“The more attached you are to a particular version of the future,” warns writer Shane Parrish, “the less likely you are to adapt as things evolve.”
While I believe this quote has almost universal application in every aspect of life, it is especially important in the financial planning arena. Indeed, the ability to adapt to changing circumstances may just be the key to financial fitness, as change is the only constant in life and money. Let’s look at a few examples where the ability to bend can help keep your financial plan from going haywire:
1. Decrease in income – Whether it is a surprise (like losing a job) or part of a plan (like the birth of a child, resulting in a reduction in household income), a significant reduction in income can be a significant challenge for anyone. But it’s even more of a challenge if you’re living off 100% (or more) of your allowance, a scenario that’s unfortunately more the norm than the exception.
Yes, I get it, housing is expensive, as is daycare if you have small children, and we’re all paying more for groceries and gas right now, so there’s no shortage of expenses to claim on our incomes. But if you spend every dollar you earn, the reduction in income can be tragic. Living below your means—deliberately tying your lifestyle below your current income—is therefore the only way to gracefully adapt to a reduction in income.
2. Unexpected expenses – Brakes on a car, a new roof on a house, sudden medical expenses for a family member – these are just some of the many examples of unexpected expenses that are likely to come our way. If we don’t anticipate these surprises, they can often lead to financial damage, especially if we have to resort to high-interest consumer loans or credit cards to cover the bills.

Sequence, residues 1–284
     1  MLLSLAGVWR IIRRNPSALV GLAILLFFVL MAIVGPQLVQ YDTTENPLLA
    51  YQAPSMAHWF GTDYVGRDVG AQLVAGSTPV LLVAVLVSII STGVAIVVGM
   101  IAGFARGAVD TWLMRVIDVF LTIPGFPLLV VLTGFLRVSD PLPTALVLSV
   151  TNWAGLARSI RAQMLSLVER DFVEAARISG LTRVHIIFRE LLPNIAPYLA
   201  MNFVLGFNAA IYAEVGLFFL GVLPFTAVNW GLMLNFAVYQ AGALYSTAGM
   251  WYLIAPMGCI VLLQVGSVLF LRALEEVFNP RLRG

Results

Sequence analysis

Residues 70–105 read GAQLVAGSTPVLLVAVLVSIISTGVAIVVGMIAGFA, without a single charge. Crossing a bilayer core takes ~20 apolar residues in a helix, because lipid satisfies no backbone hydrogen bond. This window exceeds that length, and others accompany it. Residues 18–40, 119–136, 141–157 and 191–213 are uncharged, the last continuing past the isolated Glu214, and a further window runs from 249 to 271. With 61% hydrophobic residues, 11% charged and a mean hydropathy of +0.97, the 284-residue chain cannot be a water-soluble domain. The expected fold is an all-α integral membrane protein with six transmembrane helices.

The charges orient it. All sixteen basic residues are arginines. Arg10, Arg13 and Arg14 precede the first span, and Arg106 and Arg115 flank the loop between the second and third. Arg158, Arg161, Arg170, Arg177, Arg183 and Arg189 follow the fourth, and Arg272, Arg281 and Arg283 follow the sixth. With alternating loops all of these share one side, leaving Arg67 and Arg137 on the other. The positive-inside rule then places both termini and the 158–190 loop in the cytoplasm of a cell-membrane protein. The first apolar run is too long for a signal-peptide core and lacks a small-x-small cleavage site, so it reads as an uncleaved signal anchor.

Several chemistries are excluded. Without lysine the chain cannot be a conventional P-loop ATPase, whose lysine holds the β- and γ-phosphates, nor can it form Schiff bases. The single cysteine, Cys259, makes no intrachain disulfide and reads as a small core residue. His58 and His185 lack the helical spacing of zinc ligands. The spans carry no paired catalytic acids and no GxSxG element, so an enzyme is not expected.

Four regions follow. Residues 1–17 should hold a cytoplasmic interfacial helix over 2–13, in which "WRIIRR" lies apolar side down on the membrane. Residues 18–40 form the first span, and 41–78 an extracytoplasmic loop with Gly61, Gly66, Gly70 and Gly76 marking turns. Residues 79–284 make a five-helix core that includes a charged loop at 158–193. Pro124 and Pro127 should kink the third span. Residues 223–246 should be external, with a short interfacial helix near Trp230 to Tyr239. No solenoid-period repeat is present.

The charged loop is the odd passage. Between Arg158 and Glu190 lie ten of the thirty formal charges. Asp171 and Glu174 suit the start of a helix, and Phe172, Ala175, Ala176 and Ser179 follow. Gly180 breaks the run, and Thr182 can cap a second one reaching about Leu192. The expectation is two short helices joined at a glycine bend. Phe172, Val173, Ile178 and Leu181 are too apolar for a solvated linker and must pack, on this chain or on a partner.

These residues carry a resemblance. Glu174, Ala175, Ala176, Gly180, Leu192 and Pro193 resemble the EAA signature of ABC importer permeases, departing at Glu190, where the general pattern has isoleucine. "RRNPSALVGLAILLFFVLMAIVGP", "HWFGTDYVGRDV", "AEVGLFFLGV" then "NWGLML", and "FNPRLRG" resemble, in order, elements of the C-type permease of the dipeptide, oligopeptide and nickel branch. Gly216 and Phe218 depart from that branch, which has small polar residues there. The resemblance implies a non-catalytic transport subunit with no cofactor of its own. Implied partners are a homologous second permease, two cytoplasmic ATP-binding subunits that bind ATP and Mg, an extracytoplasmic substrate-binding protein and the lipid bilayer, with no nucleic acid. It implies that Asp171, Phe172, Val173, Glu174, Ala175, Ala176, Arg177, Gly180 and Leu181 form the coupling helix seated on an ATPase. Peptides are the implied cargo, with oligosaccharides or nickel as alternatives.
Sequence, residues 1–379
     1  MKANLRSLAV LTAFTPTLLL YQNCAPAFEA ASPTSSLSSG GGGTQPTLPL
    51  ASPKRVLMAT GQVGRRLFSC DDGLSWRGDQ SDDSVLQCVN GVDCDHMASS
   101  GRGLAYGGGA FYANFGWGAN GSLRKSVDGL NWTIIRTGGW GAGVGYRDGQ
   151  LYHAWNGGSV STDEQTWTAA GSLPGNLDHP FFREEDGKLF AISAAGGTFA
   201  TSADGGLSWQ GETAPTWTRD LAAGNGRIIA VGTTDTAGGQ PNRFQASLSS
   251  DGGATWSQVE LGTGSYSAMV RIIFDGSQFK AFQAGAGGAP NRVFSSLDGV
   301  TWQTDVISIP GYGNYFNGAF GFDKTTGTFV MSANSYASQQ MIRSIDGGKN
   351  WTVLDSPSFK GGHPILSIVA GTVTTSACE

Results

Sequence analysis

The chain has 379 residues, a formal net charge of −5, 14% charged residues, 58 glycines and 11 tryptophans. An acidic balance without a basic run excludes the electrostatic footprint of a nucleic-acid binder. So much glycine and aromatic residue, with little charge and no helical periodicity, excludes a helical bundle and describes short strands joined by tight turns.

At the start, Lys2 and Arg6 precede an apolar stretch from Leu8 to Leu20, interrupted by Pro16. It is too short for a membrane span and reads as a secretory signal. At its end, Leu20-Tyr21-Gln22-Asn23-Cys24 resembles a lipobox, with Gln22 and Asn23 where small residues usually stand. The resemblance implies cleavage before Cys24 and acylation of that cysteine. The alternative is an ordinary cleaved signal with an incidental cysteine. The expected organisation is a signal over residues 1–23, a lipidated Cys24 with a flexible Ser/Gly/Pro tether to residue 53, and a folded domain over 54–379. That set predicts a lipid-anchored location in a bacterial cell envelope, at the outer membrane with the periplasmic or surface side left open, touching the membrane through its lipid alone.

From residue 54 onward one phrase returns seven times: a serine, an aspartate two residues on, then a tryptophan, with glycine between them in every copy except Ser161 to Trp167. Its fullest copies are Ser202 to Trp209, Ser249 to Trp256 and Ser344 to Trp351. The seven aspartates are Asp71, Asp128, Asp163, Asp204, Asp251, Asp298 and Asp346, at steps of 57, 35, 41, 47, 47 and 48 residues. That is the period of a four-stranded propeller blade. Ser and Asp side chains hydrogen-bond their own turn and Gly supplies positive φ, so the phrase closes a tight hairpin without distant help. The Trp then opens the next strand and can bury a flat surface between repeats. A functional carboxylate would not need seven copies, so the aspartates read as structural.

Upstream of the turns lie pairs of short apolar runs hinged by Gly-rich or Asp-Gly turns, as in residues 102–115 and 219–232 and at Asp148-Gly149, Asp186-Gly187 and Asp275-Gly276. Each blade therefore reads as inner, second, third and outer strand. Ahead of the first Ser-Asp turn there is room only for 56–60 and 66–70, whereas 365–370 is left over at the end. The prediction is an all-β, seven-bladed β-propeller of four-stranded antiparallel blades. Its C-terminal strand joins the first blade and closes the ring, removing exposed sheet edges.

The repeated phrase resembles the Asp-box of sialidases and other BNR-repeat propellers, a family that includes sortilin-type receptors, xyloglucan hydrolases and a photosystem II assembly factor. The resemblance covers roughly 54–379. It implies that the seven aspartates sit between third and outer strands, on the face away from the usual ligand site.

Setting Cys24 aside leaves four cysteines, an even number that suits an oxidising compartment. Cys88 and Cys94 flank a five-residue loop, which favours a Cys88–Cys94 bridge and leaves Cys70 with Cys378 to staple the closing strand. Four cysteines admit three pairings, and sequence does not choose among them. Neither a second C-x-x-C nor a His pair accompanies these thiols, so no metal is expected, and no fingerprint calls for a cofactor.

Therefore, we can adjust to these costs by setting up a “buffer” or “black day” account with a separate item in your budget, ensuring that your entire financial plan is not disrupted by a single surprise. Because let’s face it: while we don’t know what form they’ll take or when, we do know that unexpected costs are coming.
3. Market volatility – It was drilled into our brains that the “market” should make about 10% per year, but this above-mentioned annual return is nothing more than a hypothetical average. In reality, it is our willingness to endure short and long periods of unsettling market volatility that entitles us to the bargains as expected rates of return that the market has delivered historically.
So how can we adapt to crazy markets? Explore your ability, willingness and need to take the risk, often with a third party; then build a diversified and balanced portfolio designed to help you achieve your goals without keeping you awake at night. As your life circumstances—or your risk tolerance—change, calibrate your portfolio allocation to make sure it’s appropriate.
Changes and surprises are inevitable in navigating life and money. Adaptability, therefore, becomes the secret weapon of any successful financial plan. Furthermore, when we prove ourselves capable of adaptation, this more flexible approach can often lead to even more desirable results than we initially envisioned.